Today, the International Federation of Red Cross and Red Crescent Societies marks the tenth anniversary of obtaining permanent observer status at the United Nations (UN) General Assembly. The status was qualified as the Federation’s “most important diplomatic tool”, according to President Juan Manuel Suárez del Toro.
It has allowed the Federation to strengthen its partnership with UN agencies and speak out on humanitarian issues in fora such as the General Assembly, the ECOSOC (Economic and Social Council), and the IASC (Inter-Agency Standing Committee), which brings together the major UN Agencies, the Red Cross Red Crescent Movement and other major humanitarian actors, to coordinate policy and address operational issues.
Endorsement of the Millennium Development Goals (MDG), in particular the eradication of poverty, is also evidence of the Federation’s will to engage in common goals with the UN. “In our view, the Goals are achievable, but not without active participation from the communities,” explains Juan Manuel Suárez del Toro. “This is where we can play a special role because of the commitment of our 100 million volunteers and members, working at the community level. The Federation believes that the building of partnerships for development is a principal ingredient for success with the MDGs, and this is what we are seeking.”
Evidence of these increased relations can be seen in the recognition of Federation positions in UN documents. “Over the last five years alone, more than 20 UN resolutions and reports from the UN Secretary-General Kofi Annan's office have reflected the work done by the Red Cross and Red Crescent Societies and their International Federation in the field of disaster response and preparedness, health and care in the community, HIV/Aids, or on issues such as the humanitarian impact of sanctions on vulnerable populations,” says Markku Niskala.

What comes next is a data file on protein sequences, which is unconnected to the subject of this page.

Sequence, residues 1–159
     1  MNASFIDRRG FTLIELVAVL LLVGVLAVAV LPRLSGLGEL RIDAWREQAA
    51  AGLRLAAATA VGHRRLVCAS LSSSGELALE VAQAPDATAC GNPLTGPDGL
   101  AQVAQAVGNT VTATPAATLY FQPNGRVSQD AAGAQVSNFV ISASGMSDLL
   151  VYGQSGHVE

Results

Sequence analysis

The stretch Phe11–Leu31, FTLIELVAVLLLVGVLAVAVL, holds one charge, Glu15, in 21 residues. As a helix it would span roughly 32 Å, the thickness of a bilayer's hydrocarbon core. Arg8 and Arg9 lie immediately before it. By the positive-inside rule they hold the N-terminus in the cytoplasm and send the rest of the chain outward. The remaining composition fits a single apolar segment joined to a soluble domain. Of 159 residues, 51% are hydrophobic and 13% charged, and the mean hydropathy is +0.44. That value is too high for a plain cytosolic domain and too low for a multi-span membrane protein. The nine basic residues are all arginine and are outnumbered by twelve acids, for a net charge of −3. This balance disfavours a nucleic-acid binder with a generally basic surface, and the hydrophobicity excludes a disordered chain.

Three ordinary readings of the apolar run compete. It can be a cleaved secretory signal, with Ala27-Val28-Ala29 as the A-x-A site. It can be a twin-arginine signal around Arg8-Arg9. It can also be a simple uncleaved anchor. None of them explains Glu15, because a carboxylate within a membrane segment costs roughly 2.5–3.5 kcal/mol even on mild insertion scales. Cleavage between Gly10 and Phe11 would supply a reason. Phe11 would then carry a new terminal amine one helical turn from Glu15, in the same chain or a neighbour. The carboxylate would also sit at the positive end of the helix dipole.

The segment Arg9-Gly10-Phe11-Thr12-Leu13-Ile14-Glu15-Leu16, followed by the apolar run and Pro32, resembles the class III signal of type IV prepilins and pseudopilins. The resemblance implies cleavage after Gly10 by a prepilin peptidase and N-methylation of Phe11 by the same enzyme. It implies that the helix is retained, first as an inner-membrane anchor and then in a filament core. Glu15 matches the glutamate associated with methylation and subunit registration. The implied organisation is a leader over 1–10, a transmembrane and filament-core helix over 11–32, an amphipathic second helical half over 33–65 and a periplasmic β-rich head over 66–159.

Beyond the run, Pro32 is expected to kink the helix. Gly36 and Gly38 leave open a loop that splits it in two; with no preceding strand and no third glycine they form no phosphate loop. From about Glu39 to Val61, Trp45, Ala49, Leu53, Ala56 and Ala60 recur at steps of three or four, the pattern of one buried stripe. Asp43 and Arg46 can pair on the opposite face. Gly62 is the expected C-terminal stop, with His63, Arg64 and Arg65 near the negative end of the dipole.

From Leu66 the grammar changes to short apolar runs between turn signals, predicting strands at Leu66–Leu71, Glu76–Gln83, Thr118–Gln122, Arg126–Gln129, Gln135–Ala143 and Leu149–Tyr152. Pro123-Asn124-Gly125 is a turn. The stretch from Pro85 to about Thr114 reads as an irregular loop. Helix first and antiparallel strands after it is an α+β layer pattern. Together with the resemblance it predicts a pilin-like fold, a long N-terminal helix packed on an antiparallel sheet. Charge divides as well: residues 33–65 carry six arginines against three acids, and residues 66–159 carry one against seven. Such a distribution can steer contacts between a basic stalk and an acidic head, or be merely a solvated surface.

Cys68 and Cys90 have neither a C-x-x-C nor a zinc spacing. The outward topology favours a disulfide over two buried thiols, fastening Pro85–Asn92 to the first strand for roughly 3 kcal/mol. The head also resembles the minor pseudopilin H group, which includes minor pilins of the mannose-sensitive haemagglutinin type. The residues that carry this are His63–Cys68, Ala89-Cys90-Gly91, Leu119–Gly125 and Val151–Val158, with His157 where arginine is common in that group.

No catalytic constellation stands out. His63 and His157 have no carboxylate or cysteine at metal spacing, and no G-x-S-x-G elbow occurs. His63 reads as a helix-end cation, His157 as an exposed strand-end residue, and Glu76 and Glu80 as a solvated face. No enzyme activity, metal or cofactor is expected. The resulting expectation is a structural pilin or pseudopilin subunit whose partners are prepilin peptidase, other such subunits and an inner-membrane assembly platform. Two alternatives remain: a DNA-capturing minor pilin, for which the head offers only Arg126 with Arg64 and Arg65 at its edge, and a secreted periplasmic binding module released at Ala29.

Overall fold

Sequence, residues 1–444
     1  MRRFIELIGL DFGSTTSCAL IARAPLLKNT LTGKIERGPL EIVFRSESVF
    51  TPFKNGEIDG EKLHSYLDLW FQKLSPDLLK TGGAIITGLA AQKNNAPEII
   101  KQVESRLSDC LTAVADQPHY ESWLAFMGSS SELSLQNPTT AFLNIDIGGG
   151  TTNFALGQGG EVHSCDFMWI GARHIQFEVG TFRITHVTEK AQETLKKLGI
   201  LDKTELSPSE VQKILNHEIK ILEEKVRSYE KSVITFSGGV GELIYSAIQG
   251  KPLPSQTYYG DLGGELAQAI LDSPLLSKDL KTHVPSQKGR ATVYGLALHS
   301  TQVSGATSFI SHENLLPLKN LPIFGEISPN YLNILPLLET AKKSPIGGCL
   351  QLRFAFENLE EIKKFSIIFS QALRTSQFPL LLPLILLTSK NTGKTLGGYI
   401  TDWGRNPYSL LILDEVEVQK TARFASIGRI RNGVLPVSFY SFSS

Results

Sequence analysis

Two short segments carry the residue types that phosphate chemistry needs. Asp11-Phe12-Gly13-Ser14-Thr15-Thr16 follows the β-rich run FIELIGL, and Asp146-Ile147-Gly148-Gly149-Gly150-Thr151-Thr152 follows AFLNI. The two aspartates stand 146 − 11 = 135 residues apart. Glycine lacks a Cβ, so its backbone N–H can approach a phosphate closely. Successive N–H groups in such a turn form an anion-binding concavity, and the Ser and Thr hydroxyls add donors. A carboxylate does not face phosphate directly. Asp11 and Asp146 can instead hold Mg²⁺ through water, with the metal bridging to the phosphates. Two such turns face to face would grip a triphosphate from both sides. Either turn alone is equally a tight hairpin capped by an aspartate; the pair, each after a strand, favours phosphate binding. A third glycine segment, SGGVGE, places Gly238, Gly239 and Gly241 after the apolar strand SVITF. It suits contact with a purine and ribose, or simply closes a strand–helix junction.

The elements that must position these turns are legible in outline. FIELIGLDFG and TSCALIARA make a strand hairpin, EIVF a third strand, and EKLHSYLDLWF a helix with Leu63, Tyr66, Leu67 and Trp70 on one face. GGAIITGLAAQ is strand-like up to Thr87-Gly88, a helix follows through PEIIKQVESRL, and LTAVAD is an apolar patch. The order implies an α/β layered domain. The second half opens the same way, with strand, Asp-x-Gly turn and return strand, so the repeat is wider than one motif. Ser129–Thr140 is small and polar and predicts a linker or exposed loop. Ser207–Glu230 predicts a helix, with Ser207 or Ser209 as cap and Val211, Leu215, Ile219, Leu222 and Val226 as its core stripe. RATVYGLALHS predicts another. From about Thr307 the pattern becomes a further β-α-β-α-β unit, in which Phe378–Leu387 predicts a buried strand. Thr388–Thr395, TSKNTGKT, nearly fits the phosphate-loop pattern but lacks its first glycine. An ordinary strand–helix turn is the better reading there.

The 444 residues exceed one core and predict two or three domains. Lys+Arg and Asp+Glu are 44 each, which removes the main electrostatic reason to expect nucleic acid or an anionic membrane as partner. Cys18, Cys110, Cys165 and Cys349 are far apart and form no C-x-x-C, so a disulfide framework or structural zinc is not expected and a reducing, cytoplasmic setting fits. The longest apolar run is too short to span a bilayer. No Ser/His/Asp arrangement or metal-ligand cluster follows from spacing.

The observer status has also allowed the Federation, which speaks out on humanitarian issues in the name of its 181 member Red Cross and Red Crescent Societies, to advance on major global projects such as its International Disaster Response Law (IDRL) initiative, begun in 2000. The project aims to study, compile and analyze existing international law, treaties, regulations, declarations, guidelines and UN resolutions dealing with disaster preparedness and the provision of emergency relief in the event of natural or technological disasters.
“The first stage of the project has been completed. The involvement of governments is crucial to the furtherance of the IDRL initiative, since only they can make international law,” underlines Encho Gospodinov, Head of the Federation’s Office in New York.
"We can see that the Federation’s observer status to the UN is much more than a privilege; it is an important tool to allow us to deliver assistance to people in need more quickly and efficiently. In these times of globalization, the United Nations is the only ‘Global club’, and the Federation has an important voice in it," he adds.